In this review we describe the role of the yeast Saccharomyces in the development of human societies including the use of this organism in the making of wine, bread, beer, and distilled beverages. We also discuss the tremendous diversity of yeast found in natural (i.e., noninoculated) wine fermentations and the scientific uses of yeast over the past 60 years. In conclusion, we present ideas on the model of "genome renewal" and the use of this model to explain the mode by which yeast has evolved and how diversity can be generated. (+info)
Multiplex PCR for the detection of Lactobacillus pontis and two related species in a sourdough fermentation.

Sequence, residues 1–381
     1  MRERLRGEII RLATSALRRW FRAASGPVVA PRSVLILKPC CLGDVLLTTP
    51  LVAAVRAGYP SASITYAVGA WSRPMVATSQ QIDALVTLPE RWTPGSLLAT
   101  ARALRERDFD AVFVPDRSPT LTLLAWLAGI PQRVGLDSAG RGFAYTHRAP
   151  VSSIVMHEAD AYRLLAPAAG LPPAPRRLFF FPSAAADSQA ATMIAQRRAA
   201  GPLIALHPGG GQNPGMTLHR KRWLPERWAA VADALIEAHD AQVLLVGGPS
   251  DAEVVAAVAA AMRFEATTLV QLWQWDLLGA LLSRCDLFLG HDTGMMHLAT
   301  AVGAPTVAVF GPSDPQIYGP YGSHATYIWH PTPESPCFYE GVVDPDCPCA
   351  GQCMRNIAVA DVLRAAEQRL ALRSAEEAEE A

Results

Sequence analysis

A specific multiplex PCR assay based on the amplification of parts of the 16S rRNA molecule was designed. Primers derived from variable regions of the 16S rRNA provided a means of easily differentiating the species Lactobacillus pontis and Lactobacillus panis. They could be clearly discriminated from the phylogenetically related species Lactobacillus vaginalis, Lactobacillus oris, and Lactobacillus reuteri and from other lactobacilli commonly known to be present in sourdough. Other strains isolated together with L. pontis from an industrial sourdough fermentation could be clearly separated from these species by comparative sequence analysis and construction of a specific PCR primer. For a fast identification a DNA isolation protocol based on the ultrasonic lysis of cells from single colonies was developed. To demonstrate the potential of such techniques for tracking these organisms in a laboratory-scale fermentation, we combined the specific PCR assay with direct DNA extraction from the organisms in the sourdough without previous cultivation. (+info)